As for El Paso in particular, the city announced a call for contractor bids to construct what had already been officially dubbed Robert E. Lee Elementary School on Sept. 25, 1955. To put it into historical context, the bid solicitation was advertised a year-and-a-half after the landmark Brown v. Board of Education Supreme Court decision that overturned Plessy and proclaimed separate accommodations to be inherently unequal, first and foremost in public education; four months after a second Supreme Court decision commanded foot-dragging segregated states to integrate their schools “with all deliberate speed”; and a mere two days after an all-white jury found innocent the brutal murderers of 14 year-old Emmett Till, despite the death-defying bravery of an African-American witness who testified to their guilt.
El Paso’s white leaders knew exactly what they were doing, understood perfectly well that public symbols have political power, and proceeded to exploit this power for the same reasons their counterparts – their comrades-in-arms – throughout the South did so: to propagandize the myth of the Lost Cause, to proclaim white supremacy and resist integration, and to remind El Paso’s quietly beleaguered African-American residents of their subjugation and, implicitly, their existential vulnerability, should they ever forget for even a moment their place below all white El Pasoans in the city’s social and political order.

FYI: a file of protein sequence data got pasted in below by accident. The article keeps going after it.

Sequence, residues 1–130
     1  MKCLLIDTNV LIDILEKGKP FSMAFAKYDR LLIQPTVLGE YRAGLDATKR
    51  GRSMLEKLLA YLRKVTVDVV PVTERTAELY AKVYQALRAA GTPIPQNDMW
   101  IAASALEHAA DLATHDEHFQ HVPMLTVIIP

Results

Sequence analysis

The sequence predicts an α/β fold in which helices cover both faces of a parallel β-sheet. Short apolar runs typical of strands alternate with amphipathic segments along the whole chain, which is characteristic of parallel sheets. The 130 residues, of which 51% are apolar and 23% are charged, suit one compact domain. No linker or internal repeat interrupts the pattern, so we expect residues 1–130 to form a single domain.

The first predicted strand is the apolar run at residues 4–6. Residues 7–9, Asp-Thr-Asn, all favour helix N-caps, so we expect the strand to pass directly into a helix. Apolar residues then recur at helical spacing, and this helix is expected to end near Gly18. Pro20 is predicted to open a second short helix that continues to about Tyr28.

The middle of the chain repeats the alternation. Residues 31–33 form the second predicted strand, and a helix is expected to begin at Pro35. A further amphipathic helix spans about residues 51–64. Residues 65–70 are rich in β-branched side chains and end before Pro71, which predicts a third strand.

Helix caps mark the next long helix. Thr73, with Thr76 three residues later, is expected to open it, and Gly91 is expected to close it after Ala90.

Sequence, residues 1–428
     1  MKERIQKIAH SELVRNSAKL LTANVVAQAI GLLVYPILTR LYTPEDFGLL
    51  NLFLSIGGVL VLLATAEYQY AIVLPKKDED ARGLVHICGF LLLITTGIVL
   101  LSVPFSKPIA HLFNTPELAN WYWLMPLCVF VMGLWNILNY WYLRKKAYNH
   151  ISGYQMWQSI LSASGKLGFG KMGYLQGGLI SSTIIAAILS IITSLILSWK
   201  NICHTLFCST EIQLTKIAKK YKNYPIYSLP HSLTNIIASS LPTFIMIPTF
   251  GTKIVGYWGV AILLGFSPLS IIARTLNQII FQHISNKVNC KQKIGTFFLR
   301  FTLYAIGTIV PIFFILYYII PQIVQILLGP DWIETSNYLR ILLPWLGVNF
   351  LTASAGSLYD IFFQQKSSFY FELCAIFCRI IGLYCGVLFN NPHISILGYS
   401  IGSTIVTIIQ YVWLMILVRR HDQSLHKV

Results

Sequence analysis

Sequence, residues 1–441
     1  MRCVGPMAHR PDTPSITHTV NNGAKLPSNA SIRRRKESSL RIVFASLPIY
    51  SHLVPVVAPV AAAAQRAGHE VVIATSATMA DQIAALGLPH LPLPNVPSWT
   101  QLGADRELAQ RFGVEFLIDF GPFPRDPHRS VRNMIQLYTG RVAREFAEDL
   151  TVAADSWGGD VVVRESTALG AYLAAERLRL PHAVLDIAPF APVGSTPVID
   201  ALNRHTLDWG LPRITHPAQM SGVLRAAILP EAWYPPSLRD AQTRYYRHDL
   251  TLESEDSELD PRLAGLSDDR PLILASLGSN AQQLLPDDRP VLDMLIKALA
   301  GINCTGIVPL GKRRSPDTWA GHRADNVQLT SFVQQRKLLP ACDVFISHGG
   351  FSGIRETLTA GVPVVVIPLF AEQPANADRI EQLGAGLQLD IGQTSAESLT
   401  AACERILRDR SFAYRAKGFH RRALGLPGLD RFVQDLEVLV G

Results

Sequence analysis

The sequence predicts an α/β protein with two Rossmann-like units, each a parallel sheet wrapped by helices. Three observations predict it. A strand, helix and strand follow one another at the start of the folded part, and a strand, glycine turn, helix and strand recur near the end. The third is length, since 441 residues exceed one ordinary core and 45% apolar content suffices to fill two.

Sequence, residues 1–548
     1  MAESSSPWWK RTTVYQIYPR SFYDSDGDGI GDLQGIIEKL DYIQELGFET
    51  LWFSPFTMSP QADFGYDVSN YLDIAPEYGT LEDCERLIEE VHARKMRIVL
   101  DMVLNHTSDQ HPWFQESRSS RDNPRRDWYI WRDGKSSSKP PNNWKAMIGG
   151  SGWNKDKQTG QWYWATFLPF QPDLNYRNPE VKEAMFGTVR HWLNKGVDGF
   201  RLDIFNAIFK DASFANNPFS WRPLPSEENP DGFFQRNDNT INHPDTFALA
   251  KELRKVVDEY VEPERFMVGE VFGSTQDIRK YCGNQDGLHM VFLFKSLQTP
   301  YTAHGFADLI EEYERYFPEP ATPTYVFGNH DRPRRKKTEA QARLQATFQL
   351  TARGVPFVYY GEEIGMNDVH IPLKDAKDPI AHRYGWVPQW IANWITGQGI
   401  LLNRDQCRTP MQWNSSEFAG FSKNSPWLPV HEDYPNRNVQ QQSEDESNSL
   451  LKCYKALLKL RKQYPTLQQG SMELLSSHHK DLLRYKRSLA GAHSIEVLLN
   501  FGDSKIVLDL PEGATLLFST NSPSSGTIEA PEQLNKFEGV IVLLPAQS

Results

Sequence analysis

As I write these words, the El Paso school board trustees have passed a resolution that sets the elementary school change-of-name effort fully in motion. Next to come are public hearings to arrive at a final decision, presumably to be followed by the selection of a new name.
This is good news, but a change is hardly certain at this point. One isolated EPISD board member, Diane Dye, argued as vigorously as possible against dropping Robert E. Lee’s name in favor of honoring someone who is not an avatar of the slavery-defending Confederacy.
Robert E. Lee Elementary School was conceived, constructed, and christened in the midst of the civil rights movement, as a fusillade against it.
The school’s name is a lingering monument to white supremacy and the oppression of local African-Americans. It should, and must, be renamed, with the misdirected honor withdrawn from a man who did his level best to fracture the United States and leave it weak, in order to ensure the perpetuation of black chattel slavery.
Once Robert E. Lee and his appalling symbolism are tossed into the dustbin of history, it will be possible for a new generation of El Pasoans to set about the business of exerting their power in the service of making amends for the iniquities of the past, and of marching into a more just and decent future. It is long past time to honor someone who symbolizes the best of El Paso and America, not the very worst.
Neal M. Rosendorf is a U.S. international historian in the Department of Government at New Mexico State University and an El Paso resident.
Cover photo: The Robert E. Lee Elementary School sign at the front of the campus includes the school mascot, the lion. (Robert Moore/El Paso Matters)